Glass coffins became very popular in the late 1800s in Germany, especially when used for royalty and revered leaders. Vladimir Lenin is one of the most famous leaders who lies in state in a glass coffin in Red Square in Moscow. Others who rest eternally in a glass casket include Venezuelan President Hugo Chavez, China's Mao Zedong, Vietnam's Ho Chi Minh, and North Korea's founding leader, Kim Il Sung.

Casket with Glass Cover
While all-glass coffins are favored for viewing, they are not usable as a burial case because they are too fragile to have earth heaped on top of them and maintain their form.

Today, glass caskets are still available, although not in the form you might expect. A glass casket is now a glass top that is placed over the deceased to deter mourners from touching the corpse. This also helps deter mourners from clipping hair, or pieces of clothing from the deceased to keep or sell as a memento.

Fisk Coffin at Berry Funeral Home
To view one of these “insightful” coffins, visit the Berry Funeral Home in Knoxville, Tennessee; Herr Funeral Home in Collinsville, Illinois; and the Pink Palace Museum in Memphis, Tennessee.

~ Joy

Friday, May 29, 2015

Traveling Along the Historic National Road

The 824 mile long Historic National Road begins in Cumberland, Maryland and ends in Vandalia, Illinois encompassing the states of Maryland, Pennsylvania, West Virginia, Ohio, Indiana and Illinois.

Over time, the road took on several names: Cumberland Road, National Pike,The Road That Built the Nation,” but in many communities it has simply been called Main Street, eventually earning the appropriate nickname "The Main Street of America." 

The National Road was the first federally funded road in U.S. history, and in many states is known today as Route 40. The road was built between 1811 and 1834 so that pioneers would have a good trail to follow through the Appalachians in order to reach the western settlements.

In 1806, President Thomas Jefferson authorized the building of a national byway that would connect Cumberland, Maryland to the Ohio River. It took five years before the first 10 miles of roadway were built, but by 1818 the road reached to Wheeling, West Virginia.
Settlers weren’t the only ones using the road, mail coaches, drovers and stagecoaches found it to be an easy way to connect with the frontier towns out west.

By 1825, the road had become famous and was being lauded in song, stories and legend. Small settlements began to pop up along the route, then communities and small towns were established as many pioneers decided to settle down at some spot along the way.

Inns, taverns, and stores selling staples and supplies were built, and these “pike town” began to thrive. Conestoga wagons traveled the National Road loaded with coffee and sugar for "out west," returning with produce and grain grown on the newly settled frontier. Life was prosperous along the National Road for many years - until the 1860s.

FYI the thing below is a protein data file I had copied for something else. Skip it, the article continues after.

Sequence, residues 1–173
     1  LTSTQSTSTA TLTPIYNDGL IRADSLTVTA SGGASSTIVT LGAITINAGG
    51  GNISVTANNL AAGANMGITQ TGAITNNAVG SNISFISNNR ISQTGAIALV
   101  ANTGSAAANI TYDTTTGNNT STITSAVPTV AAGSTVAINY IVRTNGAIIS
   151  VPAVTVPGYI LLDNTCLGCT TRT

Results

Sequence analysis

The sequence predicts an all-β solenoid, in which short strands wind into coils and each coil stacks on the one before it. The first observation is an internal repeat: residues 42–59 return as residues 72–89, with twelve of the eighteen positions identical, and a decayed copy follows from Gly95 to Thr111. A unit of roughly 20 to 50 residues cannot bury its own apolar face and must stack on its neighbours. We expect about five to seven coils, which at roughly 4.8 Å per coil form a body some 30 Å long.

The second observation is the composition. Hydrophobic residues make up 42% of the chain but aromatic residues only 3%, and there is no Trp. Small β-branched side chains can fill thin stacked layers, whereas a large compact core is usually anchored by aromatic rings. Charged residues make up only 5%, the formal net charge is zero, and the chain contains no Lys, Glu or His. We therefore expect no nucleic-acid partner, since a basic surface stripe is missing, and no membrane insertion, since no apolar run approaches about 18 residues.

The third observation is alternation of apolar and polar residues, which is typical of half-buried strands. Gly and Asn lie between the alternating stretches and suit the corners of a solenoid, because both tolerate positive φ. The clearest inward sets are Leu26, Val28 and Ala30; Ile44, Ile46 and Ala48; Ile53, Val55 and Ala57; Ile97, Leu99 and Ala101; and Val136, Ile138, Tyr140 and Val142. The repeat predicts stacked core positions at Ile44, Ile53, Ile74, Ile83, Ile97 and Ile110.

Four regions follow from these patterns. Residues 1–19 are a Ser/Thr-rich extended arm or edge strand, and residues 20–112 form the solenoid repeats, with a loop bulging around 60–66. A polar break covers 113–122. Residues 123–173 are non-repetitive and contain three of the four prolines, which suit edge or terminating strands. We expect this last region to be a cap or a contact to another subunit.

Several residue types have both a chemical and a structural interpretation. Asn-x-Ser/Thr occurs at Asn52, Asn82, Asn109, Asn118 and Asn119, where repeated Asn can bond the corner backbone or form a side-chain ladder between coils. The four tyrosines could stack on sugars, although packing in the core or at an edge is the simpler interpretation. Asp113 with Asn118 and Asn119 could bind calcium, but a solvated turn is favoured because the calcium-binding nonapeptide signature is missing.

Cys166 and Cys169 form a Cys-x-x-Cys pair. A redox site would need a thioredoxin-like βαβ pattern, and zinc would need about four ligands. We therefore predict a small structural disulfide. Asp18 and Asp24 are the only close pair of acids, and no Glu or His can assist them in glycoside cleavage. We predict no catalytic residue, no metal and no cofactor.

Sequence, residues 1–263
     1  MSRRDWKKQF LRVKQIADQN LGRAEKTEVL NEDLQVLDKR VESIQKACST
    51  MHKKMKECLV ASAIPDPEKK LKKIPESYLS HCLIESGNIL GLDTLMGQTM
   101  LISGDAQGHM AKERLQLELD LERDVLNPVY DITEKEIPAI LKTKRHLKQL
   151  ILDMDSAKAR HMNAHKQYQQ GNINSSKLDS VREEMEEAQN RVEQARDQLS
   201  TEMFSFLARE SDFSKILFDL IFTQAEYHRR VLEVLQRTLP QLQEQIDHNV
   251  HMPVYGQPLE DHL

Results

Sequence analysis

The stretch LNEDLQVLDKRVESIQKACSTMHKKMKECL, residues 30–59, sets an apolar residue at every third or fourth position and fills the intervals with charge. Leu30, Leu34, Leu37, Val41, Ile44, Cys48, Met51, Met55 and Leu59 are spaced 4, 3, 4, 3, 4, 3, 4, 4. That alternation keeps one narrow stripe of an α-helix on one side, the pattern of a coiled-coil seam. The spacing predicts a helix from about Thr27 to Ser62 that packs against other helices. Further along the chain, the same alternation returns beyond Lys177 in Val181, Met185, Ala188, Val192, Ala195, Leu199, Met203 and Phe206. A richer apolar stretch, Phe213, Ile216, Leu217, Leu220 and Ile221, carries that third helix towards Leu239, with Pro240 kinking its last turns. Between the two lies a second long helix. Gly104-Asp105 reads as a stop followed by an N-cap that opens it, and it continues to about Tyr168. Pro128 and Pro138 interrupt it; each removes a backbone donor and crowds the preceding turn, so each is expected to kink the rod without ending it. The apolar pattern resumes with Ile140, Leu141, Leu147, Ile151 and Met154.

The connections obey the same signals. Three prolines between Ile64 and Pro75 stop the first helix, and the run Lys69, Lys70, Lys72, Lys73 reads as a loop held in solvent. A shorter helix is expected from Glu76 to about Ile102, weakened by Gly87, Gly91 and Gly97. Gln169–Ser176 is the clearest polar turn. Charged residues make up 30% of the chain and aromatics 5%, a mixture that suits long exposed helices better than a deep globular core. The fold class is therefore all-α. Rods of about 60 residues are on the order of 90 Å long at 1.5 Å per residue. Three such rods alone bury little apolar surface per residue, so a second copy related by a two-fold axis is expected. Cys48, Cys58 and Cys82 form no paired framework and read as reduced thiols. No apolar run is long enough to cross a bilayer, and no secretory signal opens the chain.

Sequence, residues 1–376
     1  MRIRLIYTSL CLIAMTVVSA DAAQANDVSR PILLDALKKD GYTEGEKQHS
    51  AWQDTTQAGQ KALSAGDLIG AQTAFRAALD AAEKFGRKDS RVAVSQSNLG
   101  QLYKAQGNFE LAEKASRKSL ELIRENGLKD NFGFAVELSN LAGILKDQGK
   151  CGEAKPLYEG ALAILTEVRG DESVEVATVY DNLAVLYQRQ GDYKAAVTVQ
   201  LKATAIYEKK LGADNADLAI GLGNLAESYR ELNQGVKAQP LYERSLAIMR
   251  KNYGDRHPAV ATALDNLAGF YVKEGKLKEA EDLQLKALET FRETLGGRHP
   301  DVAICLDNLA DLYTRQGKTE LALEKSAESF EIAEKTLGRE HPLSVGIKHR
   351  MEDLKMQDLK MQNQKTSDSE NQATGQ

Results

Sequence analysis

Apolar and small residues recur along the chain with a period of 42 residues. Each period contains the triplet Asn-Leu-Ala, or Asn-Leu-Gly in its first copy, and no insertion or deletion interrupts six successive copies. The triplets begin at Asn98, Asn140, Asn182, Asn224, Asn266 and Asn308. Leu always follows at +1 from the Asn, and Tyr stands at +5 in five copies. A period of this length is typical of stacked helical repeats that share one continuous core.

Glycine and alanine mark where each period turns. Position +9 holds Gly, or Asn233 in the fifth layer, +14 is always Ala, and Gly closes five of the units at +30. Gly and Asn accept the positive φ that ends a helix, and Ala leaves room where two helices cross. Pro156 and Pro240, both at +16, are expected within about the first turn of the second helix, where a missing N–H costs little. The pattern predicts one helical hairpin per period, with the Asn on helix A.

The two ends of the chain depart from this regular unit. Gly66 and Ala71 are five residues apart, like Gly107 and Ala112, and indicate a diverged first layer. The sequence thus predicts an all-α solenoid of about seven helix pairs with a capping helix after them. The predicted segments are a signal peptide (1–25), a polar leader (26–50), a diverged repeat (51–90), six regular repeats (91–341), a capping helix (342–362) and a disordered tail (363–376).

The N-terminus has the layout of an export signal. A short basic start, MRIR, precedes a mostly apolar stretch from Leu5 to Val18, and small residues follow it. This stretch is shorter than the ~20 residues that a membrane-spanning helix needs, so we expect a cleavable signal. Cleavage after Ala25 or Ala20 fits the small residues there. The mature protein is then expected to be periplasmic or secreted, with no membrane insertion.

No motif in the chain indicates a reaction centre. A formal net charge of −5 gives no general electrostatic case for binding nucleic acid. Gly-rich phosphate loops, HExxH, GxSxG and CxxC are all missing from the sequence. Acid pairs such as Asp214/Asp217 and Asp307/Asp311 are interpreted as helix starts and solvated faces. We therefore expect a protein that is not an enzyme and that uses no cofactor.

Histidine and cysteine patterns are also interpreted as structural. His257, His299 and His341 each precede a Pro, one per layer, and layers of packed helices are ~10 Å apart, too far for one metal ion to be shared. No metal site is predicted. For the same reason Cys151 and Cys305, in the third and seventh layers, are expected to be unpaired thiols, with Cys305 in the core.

It was during that time that the railroads began to change the way people traveled the country, and enthusiasm for traveling on the National Road began to wane.

Building The Road
But, in 1885, the first automobile and the first bicycle were invented, and interest in road travel was renewed again.

The National Road became US 40 in 1926 when a national road system went into effect, but by the 1960s construction was completed on Interstate 70, and Route 40, with its meandering roadways, was left in the dust.

Today you can still travel the National Road and explore over 200 years of history. Old motels, classic diners, and century-old inns still line the byway. Each state highlights special sections along the route, but be sure to keep an eye out for cemeteries, too. Here are just a few to check out along the Historical National Road:

Key Monument 1898 and Today
Maryland is home to 170 miles of the National Road, traveling through urban Baltimore and across acres of rolling countryside. Mount Olivet Cemetery, located in Fredrick, has been called Maryland’s “Cemetery Beautiful” and is home to the burial monument for Francis Scott Key, author of the Star Spangled Banner.

Braddock's Grave
The Keystone State offers two great stops for tombstone tourists as soon as you cross the state line. Fort Necessity near Farmington is the site where the opening battle of the French and Indian War was fought. Check out the interpretive center here and get a feel for what life was like in the 18th century. Then it’s on to Braddock’s grave, a lone monument placed at the site of his demise "In remembrance of Major General Edward Braddock", who led the campaign to oust the French from American soil.

West Virginia
Mount Wood Cemetery
Overlooking the Ohio River is Mount Wood Cemetery, a Hebrew and Jewish Orthodox cemetery in Wheeling. Funerary art abounds on this rolling hill, from stones and monuments of the Victorian-era, to those more modern mid-twentieth century markers.

Camp Chase
The Buckeye State has numerous stops along the old National Road; for cemetery buffs, take time to visit Columbus, the state's capital, and tour the Old Governor’s Mansion and the Ohio Statehouse before heading to an old neighborhood known as “The Hilltop” for a poignant visit to Camp Chase Confederate Cemetery.

The Hoosier State boasts a beautiful lawn-style cemetery on this route: Crown Hill Cemetery, in Indianapolis, is a “Who’s Who” of famous and infamous residents: Indiana governors, senators, congressmen, and military officers are buried here along with U.S. President Benjamin Harrison, poet James Whitcomb Riley, and notorious bank robber, John Dillinger.

Franciscan Monastery Museum